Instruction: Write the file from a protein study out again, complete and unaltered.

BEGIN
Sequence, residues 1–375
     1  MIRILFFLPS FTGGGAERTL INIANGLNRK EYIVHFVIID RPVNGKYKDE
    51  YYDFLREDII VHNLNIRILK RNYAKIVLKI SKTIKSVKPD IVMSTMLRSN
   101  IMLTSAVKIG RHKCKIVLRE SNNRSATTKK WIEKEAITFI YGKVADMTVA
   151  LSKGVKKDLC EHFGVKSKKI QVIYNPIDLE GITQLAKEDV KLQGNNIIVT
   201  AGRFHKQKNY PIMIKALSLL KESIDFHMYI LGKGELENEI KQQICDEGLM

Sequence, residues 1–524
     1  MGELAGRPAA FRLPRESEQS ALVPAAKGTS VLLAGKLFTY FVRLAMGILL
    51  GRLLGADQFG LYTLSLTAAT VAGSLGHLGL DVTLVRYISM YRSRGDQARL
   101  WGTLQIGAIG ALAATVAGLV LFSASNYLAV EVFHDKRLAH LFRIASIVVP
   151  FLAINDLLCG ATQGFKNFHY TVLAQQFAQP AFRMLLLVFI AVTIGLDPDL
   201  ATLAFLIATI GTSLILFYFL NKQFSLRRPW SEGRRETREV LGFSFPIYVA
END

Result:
Sequence, residues 1–375
     1  MIRILFFLPS FTGGGAERTL INIANGLNRK EYIVHFVIID RPVNGKYKDE
    51  YYDFLREDII VHNLNIRILK RNYAKIVLKI SKTIKSVKPD IVMSTMLRSN
   101  IMLTSAVKIG RHKCKIVLRE SNNRSATTKK WIEKEAITFI YGKVADMTVA
   151  LSKGVKKDLC EHFGVKSKKI QVIYNPIDLE GITQLAKEDV KLQGNNIIVT
   201  AGRFHKQKNY PIMIKALSLL KESIDFHMYI LGKGELENEI KQQICDEGLM

Sequence, residues 1–524
     1  MGELAGRPAA FRLPRESEQS ALVPAAKGTS VLLAGKLFTY FVRLAMGILL
    51  GRLLGADQFG LYTLSLTAAT VAGSLGHLGL DVTLVRYISM YRSRGDQARL
   101  WGTLQIGAIG ALAATVAGLV LFSASNYLAV EVFHDKRLAH LFRIASIVVP
   151  FLAINDLLCG ATQGFKNFHY TVLAQQFAQP AFRMLLLVFI AVTIGLDPDL
   201  ATLAFLIATI GTSLILFYFL NKQFSLRRPW SEGRRETREV LGFSFPIYVA